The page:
The relationship between language and its acquisition, and man's sense of the mystical are explored. Man's attraction to what does not yet make sense draws him alike to language, to science, and to God. Mysticism is the name we give that attraction. We suggest some of mysticism's strengths as well as some of its weaknesses, especially as they relate to the idea of magic.
To a pre-lingual child, language is a magical, mystical collection of incantations. He sees a person utter words he does not understand and then sees the wish fulfilled, as if by magic. He sees language establishing deep bonds between people. And he is compelled by nature to copy the behavior of his elders. He learns language. At first, learning language means accessing a domain of unlimited power. It it gives him a kind of mystical power over certain paople. He gets attention, he gets food, and so on.
All of these things small humans covet. And we learn language in order to get precisely what we want. But before we have gone far at all we find that it is a two-way street. Language soon begins to hold sway over all our actions. Language ceases to be a magical mystical power we exert on others exclusively for our own good. It becomes a reality. It also becomes a power others have over us. It becomes a tool with capabilities and severe limitations. And it loses its mystique.
Bierce defines Ardor as "Love without knowledge." This definition shows awareness of a rather common phenomenon among humans, the "grass is greener on the other side of the street " phenomenon in which we want something for the benefits we see it might give, but we fail to grasp the negative repercussions of the choice.. Then, when we get the thing we desire, we gradually come to realize its full costs. Frequently, once we have acquired language, the mystical power it holds for us dissolves away. Our ardor fades. The grass is less green than we thought. Language becomes quite ordinary. It is a tool, a common tool, and not much more. Its cost is the power other people have on our own behavior. Occasionally people find it so very useless or disappointing that they give up on speech and go to a convent or monastery.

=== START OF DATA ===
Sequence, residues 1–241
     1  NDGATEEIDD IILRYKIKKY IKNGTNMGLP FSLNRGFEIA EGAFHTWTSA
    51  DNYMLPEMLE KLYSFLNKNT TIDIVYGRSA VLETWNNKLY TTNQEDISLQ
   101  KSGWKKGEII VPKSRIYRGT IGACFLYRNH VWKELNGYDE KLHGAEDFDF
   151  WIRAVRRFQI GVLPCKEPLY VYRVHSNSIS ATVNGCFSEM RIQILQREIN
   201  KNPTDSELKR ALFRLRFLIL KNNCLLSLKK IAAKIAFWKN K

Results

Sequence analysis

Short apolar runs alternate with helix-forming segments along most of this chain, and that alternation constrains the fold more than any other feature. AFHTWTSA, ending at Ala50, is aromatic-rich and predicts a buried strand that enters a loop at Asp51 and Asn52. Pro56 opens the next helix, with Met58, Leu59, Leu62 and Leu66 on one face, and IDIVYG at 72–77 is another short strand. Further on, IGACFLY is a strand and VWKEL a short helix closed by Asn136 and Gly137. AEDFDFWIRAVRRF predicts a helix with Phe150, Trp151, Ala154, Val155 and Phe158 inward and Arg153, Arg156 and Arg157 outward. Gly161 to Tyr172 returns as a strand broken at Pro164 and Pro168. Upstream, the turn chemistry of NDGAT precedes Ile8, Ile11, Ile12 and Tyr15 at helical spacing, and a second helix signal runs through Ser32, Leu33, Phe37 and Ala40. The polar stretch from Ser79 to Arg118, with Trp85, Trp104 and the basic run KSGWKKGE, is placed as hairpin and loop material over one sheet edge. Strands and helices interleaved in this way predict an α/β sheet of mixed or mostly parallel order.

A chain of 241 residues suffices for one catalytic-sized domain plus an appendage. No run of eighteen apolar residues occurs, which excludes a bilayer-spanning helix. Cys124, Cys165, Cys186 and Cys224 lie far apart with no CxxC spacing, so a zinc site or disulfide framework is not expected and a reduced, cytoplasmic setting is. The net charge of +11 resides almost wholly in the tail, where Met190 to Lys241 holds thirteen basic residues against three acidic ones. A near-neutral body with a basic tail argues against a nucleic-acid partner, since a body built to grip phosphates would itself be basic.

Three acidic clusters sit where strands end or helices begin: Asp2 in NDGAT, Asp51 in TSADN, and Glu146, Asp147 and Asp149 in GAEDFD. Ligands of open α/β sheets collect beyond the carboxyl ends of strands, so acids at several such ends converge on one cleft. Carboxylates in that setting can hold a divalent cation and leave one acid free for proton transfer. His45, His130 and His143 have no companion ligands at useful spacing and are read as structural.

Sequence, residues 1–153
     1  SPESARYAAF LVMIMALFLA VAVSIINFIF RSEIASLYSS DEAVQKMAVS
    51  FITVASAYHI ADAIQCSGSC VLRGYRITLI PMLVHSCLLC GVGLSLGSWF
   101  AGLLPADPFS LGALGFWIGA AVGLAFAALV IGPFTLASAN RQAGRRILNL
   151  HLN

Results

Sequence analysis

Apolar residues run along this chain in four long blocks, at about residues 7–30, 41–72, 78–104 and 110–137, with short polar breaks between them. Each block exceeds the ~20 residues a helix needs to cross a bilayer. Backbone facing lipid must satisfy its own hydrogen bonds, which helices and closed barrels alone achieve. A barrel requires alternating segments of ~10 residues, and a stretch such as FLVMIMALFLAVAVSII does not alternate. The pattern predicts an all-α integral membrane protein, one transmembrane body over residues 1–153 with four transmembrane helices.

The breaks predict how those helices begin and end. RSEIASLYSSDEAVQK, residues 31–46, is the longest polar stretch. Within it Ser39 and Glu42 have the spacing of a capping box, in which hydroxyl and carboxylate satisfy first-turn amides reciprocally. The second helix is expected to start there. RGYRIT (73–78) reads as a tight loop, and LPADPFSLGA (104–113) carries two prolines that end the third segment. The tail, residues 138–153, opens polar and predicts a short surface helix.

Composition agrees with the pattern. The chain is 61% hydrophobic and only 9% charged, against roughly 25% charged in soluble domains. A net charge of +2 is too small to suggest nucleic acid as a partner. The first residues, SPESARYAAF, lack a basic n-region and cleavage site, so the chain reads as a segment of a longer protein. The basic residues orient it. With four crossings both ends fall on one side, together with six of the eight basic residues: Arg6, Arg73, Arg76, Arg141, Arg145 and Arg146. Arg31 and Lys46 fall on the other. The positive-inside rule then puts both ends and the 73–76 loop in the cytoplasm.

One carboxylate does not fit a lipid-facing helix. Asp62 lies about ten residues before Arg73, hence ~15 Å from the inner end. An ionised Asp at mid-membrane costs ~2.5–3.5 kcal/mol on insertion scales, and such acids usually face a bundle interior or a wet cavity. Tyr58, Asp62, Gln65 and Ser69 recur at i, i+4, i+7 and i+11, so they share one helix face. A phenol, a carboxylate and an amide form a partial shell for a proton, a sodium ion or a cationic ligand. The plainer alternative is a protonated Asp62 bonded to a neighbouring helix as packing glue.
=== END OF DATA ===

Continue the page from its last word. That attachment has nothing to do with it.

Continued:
Those who have mastered spoken language and find that it serves them reasonably well may find themselves very interested in foreign languages. And they will begin to study them. Possibly, the mystique of a foreign language bears some parallel to the mystique of their own native tongue. There is the fantasy that another language will bring a kind of power that the current one does not. A person who has spent much time in a country where one's own speech is not spoken or comprehended will frequently find the experience quite humbling. The sense of powerlessness can be quite profound at times. So learning a foreign language can posess a kind of joy of empowerment just as the unknown parts posess a kind of mystique.
That foreign languages hold some sway over us as being magical will help explain why some religions insist on holding services in a language foreign to the native one; and why this may actually increase the mystical attraction of a religion. "I am a Latinist" quoth Martin Sheen in an interview on The Actor's Studio some years back. He did not explain why. But if one imagines that there is a space in the imagination where special ritual language to hold sway over a special, immaterial universe, then ritual language can have a powerful psychological impact. Entering a world governed by ritual language would then cause one to psychologically relive the hopeful life of a pre-lingual child. That is a time when all the universe is at one's command: as Bierce quotes Wordsworth "heaven lies about you." One commands this all-knowing, all-caring being to produce food and clothing and comfort, and the being does so. And language still promises more. To be able to evoke such a world at will, to transport oneself into it at will is powerfully useful. Magical almost. It can explain the appeal of certain religious rituals in an unintellibible or special language. And it can explain the psychological appeal of large cathedrals.
The psychological ramafications for this are profound. Worship under such circumstances, transports a person back to a pre-lingual state - a state in which a child is loved unconditionally and cared for unceasingly by a parent who utters mystical things. How people are affected by such ceremonies, though, might differ with their temperaments and by their own childhood experiences.
Bierce's childhood might have been quite difficult. There are enough references to broken heads (Force, for instance) in Bierce's Devil's Dictionary to make one wonder whether he was in some way abused as a child. Were this the case, it is little wonder that Bierce used language to poke holes in the cloak of mystical experience. At some level perhaps Bierce felt betrayed not just by his parents but by language itself. What better way to express anger at such betrayal than by defiling it with a dictionary that creates subversive interpretations of everything?